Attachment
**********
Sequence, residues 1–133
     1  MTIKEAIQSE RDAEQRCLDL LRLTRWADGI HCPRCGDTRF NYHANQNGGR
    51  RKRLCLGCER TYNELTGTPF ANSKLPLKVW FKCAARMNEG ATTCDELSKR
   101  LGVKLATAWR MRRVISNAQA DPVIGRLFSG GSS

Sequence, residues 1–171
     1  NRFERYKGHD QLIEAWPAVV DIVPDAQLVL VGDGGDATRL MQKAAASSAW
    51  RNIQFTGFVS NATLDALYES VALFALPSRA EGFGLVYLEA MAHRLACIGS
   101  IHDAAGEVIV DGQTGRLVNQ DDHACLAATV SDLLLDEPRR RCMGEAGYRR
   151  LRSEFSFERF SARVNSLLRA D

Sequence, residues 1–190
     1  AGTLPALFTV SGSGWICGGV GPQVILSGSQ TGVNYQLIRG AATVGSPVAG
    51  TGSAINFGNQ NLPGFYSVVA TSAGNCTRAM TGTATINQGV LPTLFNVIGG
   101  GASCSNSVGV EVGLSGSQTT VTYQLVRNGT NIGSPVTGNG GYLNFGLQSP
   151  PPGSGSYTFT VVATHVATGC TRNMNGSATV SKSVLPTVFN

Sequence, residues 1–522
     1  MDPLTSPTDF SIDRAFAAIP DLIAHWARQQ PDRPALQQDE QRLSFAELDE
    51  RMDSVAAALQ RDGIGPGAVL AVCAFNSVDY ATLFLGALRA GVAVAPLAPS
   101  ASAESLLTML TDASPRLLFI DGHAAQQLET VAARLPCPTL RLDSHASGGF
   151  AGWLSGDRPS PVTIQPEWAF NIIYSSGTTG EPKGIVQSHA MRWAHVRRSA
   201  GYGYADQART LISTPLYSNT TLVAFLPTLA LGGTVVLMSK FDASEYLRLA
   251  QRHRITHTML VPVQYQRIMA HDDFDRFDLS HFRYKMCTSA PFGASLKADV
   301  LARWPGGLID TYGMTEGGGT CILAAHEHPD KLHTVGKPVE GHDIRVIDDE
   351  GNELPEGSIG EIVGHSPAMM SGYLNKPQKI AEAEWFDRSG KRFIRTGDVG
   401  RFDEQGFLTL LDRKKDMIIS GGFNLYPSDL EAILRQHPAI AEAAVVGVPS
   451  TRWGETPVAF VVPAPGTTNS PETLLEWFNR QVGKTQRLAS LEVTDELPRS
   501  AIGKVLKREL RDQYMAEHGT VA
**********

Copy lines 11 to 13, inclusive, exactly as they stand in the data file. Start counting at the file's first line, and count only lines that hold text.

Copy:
     1  AGTLPALFTV SGSGWICGGV GPQVILSGSQ TGVNYQLIRG AATVGSPVAG
    51  TGSAINFGNQ NLPGFYSVVA TSAGNCTRAM TGTATINQGV LPTLFNVIGG
   101  GASCSNSVGV EVGLSGSQTT VTYQLVRNGT NIGSPVTGNG GYLNFGLQSP